There is nothing more American than a protest, than questioning authority and rebelling in the name of justice. As a result, every generation is rooted in rebellion, stemming from the War for Independence to the anti-war movement of the Sixties, yet there is no other generation that exudes a spirit of rebellion more than the Beat Generation. A community of outcasts, the Beats bonded over the burden of their loneliness, frustration with societal norms, and eccentricity, and each of them channeled these emotions into their work. At the forefront of this movement was Allen Ginsberg, a gay poet who protested the heteronormative views of society by making comparisons between the Beats and Ancient Greeks and using religious syntax to describe taboo concepts. Despite the apparent connectivity of the Beats, marginalization occurred within the circle of outcasts, in which women and artists of color were left in the periphery. Diane di Prima protested this injustice by publishing works about the struggles of women in a patriarchal world. Due to the oppressive constructs of society, poets like Ginsberg and di Prima protested their unjust alienation as minorities throughout their works; at the intersection between politics and spirituality, both writers allude to classical mythology and implement religious syntax to promote and address unconventional norms.

In many of his poems, Ginsberg conveys his frustration at being an outcast in society and carrying the burden of being outcasted, particularly concerning his sexuality. In “A Supermarket in California,” Ginsberg shadows Walt Whitman through a neon supermarket and upon questioning Whitman’s destination, he chastises, “(I touch your book and dream of our odyssey in the supermarket and feel absurd) / Will we walk all night through solitary streets? The trees add shade to / shade, lights out in the houses, we’ll both be lonely” (Ginsberg 72). The deliberate use of the word ‘odyssey’ infers that Ginsberg perceives himself as a tragic hero akin to Odysseus, one that has suffered a dark and perilous journey for so long that he returns to a changed world of artificiality – symbolized by the neon supermarket- where no one remembers him, lost to time. It is also a potential criticism of America’s loss of traditional values such as love and democracy that Whitman exemplified. Ginsberg further identifies with and alludes to The Odyssey in the poem “Howl,” by bitterly lamenting,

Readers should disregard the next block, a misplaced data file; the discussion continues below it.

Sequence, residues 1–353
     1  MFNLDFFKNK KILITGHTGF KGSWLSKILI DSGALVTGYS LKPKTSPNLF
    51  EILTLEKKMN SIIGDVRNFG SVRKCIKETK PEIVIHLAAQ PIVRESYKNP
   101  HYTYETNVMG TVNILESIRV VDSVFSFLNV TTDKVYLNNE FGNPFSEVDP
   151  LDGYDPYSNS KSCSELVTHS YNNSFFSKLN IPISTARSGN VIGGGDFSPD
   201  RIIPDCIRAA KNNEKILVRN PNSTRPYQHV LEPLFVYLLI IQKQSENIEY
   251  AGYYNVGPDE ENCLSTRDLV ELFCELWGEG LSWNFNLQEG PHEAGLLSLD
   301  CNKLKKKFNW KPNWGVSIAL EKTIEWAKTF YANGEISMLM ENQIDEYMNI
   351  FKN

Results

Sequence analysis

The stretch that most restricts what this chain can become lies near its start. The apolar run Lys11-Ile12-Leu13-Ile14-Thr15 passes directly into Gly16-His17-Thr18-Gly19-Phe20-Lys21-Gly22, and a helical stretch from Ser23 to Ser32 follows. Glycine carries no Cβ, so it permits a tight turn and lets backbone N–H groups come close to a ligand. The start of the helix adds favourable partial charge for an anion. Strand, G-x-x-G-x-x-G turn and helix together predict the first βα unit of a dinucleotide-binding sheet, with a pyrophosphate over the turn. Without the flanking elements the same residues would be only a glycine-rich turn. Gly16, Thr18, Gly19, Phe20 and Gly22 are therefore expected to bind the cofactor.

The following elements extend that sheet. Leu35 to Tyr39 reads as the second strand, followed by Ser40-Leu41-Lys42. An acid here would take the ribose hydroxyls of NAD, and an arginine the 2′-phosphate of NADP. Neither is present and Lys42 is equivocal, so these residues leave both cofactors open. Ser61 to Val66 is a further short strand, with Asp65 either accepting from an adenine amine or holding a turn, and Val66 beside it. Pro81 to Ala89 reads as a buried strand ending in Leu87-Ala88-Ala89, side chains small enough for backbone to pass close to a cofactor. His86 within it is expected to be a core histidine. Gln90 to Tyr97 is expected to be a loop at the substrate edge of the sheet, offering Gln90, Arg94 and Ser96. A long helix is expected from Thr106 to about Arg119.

[the loss of] loveboys to the three old shrews of fate the one eyed

shrew of the heterosexual dollar the one eyed shrew that

winks out of the womb and the one eyed shrew that does

nothing but sit on her ass and snip the intellectual golden threads of the craftsman’s loom

(Ginsberg 64)

The loom is a reference to Odysseus’ wife, Penelope, who was forced to choose a husband upon completion of a tapestry she wove for three years in waiting for Odysseus’ return; in deliberately personifying wives as the decrepit Fates, and by extension, his lovers as tragic heroes, Ginsberg expresses his frustration towards heteronormativity and having relationships on borrowed time. In implementing allusions to classical mythology, Ginsberg protests the marginalization of homosexuals in society and attempts to reason with older generations that perpetuate such discrimination. 

In addition to classical mythology, Ginsberg incorporates religious language, distorted to characterize the taboo and unconventional, to attack mainstream culture, particularly in his poem “Howl.” Ginsberg characterizes the “best minds of [his] generation” as corrupted by madness and hysterics, as:

angelheaded hipsters burning for the ancient heavenly connection to

the starry dynamo in the machinery of night…

who ate fire in paint hotels or drank turpentine in Paradise Alley,

death, or purgatoried their torsos night after night with dreams, with drugs, with waking nightmares